Which, not so surprisingly, largely amounts to fucked-up marriages and constant desperate attempts to reinvent ourselves.

Also: Roth, Bellow, Murdoch, Muriel Spark, Fay Weldon are all screamingly, 'incorrectly' funny and full of violent, murderous mayhem of a highly irrational quality. Again, it suits our Age.

Christy said...

Read Goodbye Columbus for freshman English. I'm sure it is my lack but I found the novel physically repulsive. Seriously, reading it was like spending time in Satre's No Exit. Then for book club decades later I read The Plot Against America and liked it ok. I'm tempted to say that as a Southern woman Roth's novels are totally alien and unpalatable. But how can that be? I worship at Naipaul's feet and his characters are even further removed from my experience.

I suspect Fowles The Magus would have been pulped decades ago if women had been on any judging panels. As it is, he made at least a couple of the 20th Century lists of best books.

BTW, I've read a few Booker Prize winners over the years, but most of the time I don't recongnize any names on the short list. How about the rest of you?

William said...

In one of his books, Roth addressed the problem of people not wishing to shake his hands. He said that when he visits friends' homes, he goes to their bathroom and leaves deposits of fresh sperm on their soap bars. That'll serve the bastards....Roth is very funny and inventive. Some of his conceits are as brilliant and insightful as they are self centered and overly elaborate.....He is the only novelist I still read. His later books examine what aging is all about. Front line dispatches. I read him the way soldiers on troop ships overseas used to read Hemingway. There are useful lessons to be learned.

Don't Tread 2012 said...

"Feminist on a panel that chooses winners of the Man Booker International prize withdraws when the panel picks Philip Roth."

Irony alert - self-centeredness is boring.

wv - gases

You have 3 gases to spot the feminist

Ross MacLochness said...

Did she really say "core of their beings"? Core of their beings!? What is this, 1973?

Charlie Martin said...

"Choses"?

McGehee said...

"...in 20 years' time will anyone read him?"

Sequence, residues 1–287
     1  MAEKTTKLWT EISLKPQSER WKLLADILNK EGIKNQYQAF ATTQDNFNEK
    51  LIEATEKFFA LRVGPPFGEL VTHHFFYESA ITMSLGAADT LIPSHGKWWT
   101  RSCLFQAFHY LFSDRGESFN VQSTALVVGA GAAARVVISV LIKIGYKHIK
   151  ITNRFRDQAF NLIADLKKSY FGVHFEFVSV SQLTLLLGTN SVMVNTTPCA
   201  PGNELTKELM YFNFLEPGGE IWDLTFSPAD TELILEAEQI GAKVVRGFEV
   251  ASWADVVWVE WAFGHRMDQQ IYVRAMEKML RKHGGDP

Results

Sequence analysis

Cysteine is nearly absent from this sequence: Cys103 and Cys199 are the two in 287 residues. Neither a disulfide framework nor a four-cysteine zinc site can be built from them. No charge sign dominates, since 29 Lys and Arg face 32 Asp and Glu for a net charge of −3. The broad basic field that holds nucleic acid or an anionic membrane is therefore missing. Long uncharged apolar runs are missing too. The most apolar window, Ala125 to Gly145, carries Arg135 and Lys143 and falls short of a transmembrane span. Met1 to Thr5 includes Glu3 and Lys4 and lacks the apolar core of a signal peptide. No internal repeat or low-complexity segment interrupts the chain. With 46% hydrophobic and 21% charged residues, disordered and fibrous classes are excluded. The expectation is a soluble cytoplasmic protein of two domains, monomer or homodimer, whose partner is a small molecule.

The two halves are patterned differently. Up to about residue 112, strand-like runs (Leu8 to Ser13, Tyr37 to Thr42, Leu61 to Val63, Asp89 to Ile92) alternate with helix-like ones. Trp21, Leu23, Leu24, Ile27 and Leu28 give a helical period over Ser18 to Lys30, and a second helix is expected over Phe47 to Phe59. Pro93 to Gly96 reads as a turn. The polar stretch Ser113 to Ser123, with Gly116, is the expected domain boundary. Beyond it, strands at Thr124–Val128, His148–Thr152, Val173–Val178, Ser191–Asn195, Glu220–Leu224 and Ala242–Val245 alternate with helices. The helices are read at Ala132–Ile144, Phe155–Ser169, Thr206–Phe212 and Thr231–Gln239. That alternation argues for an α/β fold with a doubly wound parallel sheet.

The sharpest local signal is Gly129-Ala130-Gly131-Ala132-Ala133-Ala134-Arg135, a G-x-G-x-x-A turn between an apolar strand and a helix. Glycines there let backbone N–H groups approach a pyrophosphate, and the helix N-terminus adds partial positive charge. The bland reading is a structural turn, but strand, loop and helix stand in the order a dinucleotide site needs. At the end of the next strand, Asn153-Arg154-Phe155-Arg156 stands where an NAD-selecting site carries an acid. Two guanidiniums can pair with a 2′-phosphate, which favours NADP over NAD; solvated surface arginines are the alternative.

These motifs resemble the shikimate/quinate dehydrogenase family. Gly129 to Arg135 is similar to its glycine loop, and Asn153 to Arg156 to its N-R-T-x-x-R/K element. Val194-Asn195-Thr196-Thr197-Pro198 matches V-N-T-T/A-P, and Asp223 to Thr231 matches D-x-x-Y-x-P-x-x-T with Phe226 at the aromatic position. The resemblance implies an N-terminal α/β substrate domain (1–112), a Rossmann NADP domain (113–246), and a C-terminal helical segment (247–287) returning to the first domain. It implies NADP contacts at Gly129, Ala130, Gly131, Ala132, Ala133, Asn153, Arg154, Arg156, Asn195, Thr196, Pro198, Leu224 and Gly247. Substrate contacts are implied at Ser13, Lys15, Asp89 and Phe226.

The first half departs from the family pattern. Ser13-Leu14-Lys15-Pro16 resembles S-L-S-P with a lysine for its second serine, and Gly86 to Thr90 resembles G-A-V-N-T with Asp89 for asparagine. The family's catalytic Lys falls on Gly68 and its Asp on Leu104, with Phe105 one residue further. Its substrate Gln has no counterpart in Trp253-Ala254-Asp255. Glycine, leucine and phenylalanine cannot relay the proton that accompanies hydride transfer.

Heh. I think I wondered that 30 years ago. He seems to have stood the test so far.

Greg Toombs said...

Sit on my face and tell me that you love me
I'll sit on your face and tell you I love you too
I love to hear you oralize
When I'm between your thighs
You blow me away

Sit on my face and let my lips embrace you
I'll sit on your face and then I'll love you truly
Life can be fine if we both sixty nine
If we sit on our faces in all sorts of places
And play till we're blown away

(Monty Python)

Tibore said...

"tim maguire said...
I tried to read Portnoy's Complaint once. Utter dreck. I'd swear he was sitting at his typewriter with a copy of the DSM-whichever and went down the list, making a chapter for each symptom."


So what you're saying is that he'd make a great encyclopedist?

;)

Steve Rosenbach said...

I couldn't get through more than a few dozen pages of Portnoy's Complaint, but that was a few decades ago.

When I recently read The Plot Against America, I thought it was a first-rate piece of fiction. I found myself feeling deeply upset and terrified at points in the book, forgetting for the moment that I absolutely knew that it was an alternate history of events of over 70 years ago. To have that effect on me, I judged Roth's writing to be very good indeed.

Steve Rosenbach said...

"...Of course every time Maya Angelou writes a new laundry regime update for her domestic staff, it's "Pulitzer, get out of the way!!!!"..."

I wish I had thought that!

... well said, Lincolntf

Dex Quire said...

Read Roth's "The Counterlife"

Read Updike's "The Coup"

and Saul Bellow, "Mr. Sammler's Planet"

They were at the top of their game, very imaginative, interesting moving funny work.

JorgXMcKie said...

Could be worse. Reading Joyce Carol Oates' variations on "stone losers Eff it up, again" is like having a dry cleaner's plastic bag pulled over your head. The oxygen runs out extremely quickly.

WV: cunonse. ain't touching that one.

Popville said...

Henry said...
> Roth, Roth, Roth... Didn't he write Goodbye Columbus?

The best thing about Goodbye Columbus was it led to The Association's fantastic, Jim Yester penned theme song for the movie.

rohit said...

Must be an enjoyable read American Pastoral by Philip Roth. loved the way you wrote it. I find your review very genuine and orignal, this book is going in by "to read" list.